Pharmacy board's new motto could be 'We Judge'
A bit of advice to the Washington State Board of Pharmacy: You don't want to reverse your 2007 decision and allow pharmacists to refuse to fill prescriptions — specifically, those for emergency contraception.
Seattle Times staff columnist
A bit of advice to the Washington State Board of Pharmacy: Don't even think about it.
You don't want to reverse your 2007 decision and allow pharmacists to refuse to fill prescriptions — specifically, those for emergency contraception.
But it seems the board just can't leave the issue alone. Last Thursday, it voted 3-2 to move forward with rule making that could allow pharmacists to turn people away.
And they're doing this despite input from the public that it's a bad idea.
Of the 5,359 comments the board received after announcing it would consider changing the dispensing rule, 4,448 supported leaving the existing rule in place.
(The current rules require that prescriptions be filled in time to be effective. Individual pharmacists may decline to dispense medicines but must have procedures in place to provide timely access to medications. In other words, there must be someone else there to dispense what they refuse to.)
Even Gov. Chris Gregoire and the state's secretary of health have weighed in.
"They have both expressed very clearly to the board that they want to see access to medications stay how it is and that the board should leave the rule as it is," said Tim Church, spokesman for the board and the Washington State Department of Health.
Despite this, Church said, three board members expressed concern about "whether specialty pharmacies are at a disadvantage because they would have to stock more drugs than they typically do" in order to meet the current ruling.
The board will decide at their December meeting how staff might create formal draft language to amend this problem. There will be another comment period on whatever they come up with.
If that's all they're doing, fine. But I'm still a little jumpy about women's access to emergency contraceptives.
Until 2007, the state allowed pharmacists to eschew their professional duties for their personal beliefs, and refuse to fill prescriptions for emergency contraception.
Women in rural areas or with disabilities were forced into a harrowing race against the clock, seeking out a pharmacist who would do his or her job and provide the contraception — and not stand in judgment.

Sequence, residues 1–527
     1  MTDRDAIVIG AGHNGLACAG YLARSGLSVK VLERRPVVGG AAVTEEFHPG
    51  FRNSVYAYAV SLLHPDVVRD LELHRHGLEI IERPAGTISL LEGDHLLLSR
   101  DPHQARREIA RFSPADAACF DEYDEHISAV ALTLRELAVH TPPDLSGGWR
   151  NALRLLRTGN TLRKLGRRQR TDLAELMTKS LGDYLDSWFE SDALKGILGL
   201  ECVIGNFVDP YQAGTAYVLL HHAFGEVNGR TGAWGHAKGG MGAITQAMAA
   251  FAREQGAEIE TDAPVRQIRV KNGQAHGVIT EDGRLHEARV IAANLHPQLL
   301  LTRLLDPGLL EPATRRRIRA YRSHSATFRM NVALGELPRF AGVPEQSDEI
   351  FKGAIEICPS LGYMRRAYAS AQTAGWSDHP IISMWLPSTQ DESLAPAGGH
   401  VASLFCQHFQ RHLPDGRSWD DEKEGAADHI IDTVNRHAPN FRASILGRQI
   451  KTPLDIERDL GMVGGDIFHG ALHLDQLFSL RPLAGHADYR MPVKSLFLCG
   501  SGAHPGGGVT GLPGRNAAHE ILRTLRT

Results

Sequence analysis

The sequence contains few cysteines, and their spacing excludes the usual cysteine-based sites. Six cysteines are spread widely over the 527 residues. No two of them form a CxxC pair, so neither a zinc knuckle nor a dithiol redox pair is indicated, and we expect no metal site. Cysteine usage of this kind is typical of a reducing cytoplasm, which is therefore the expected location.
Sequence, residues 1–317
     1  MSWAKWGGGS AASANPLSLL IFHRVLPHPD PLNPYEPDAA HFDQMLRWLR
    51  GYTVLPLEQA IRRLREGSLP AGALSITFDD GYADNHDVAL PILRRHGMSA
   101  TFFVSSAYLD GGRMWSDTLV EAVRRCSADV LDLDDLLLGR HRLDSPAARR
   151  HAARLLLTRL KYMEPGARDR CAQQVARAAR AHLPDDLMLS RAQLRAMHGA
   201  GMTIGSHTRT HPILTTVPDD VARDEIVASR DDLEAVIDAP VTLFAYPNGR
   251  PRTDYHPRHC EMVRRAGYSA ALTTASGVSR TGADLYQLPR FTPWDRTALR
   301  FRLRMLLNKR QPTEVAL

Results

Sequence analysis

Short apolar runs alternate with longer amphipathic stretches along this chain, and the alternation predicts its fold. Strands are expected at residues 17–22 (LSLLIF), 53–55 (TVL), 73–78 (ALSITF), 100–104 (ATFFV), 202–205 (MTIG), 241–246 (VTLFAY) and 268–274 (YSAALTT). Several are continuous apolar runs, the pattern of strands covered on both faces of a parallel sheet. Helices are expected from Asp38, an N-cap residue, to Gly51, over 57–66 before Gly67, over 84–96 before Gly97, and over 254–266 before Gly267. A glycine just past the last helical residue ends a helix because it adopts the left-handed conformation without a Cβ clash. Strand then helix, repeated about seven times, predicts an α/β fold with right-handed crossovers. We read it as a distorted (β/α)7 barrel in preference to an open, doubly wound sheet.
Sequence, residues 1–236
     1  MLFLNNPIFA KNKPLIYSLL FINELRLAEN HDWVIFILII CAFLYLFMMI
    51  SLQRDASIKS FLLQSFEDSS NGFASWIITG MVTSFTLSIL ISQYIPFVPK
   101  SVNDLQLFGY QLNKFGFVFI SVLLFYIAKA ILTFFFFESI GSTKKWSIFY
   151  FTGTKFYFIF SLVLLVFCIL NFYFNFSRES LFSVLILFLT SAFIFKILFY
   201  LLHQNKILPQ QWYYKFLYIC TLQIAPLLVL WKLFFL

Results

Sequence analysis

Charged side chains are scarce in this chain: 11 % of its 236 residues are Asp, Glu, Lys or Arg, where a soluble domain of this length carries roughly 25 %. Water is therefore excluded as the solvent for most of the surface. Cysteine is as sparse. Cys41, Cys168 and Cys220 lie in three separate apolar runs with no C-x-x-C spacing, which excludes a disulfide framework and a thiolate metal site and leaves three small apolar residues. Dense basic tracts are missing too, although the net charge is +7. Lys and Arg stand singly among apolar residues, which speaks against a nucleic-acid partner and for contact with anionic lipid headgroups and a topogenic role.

"They are licensed health-care providers; they are a health-care safety net," said Jennifer Allen, Director of Public Policy for Planned Parenthood Votes! Washington. "And they have a responsibility to carry that out."
And let's be clear, Allen said. The emergency contraception that some pharmacists take moral issue with isn't an "abortion pill."
She added: "Emergency contraception will not disrupt a pregnancy that has already begun."
Pharmacists who cite God's will over filling prescriptions might consider what prescriptions they fill without question or moral grandstanding.
Say ... Viagra. Aren't you messing with God's will when you use drugs to change a body's natural function?
If the board does overturn its previous ruling and turn away those seeking any drugs the pharmacists don't believe in, the pharmacists need to inform the public in an overt way.
I suggest something like the "We Card" signage related to tobacco sales.
How about "We Judge"?
Then those in crisis will know not to waste precious time and can head to another pharmacy for what they need.
So, too, will the rest of us who believe that a woman's body belongs to her, and a pharmacist's beliefs belong away from the counter.
Nicole Brodeur's column appears Tuesday and Friday. Reach her at 206-464-2334 or email@example.com.
Always use protection!
About Nicole Brodeur
My column is more a conversation with readers than a spouting of my own views. I like to think that, in writing, I lay down a bridge between readers and me. It is as much their space as mine. And it is a place to tell the stories that, otherwise, may not get into the paper.
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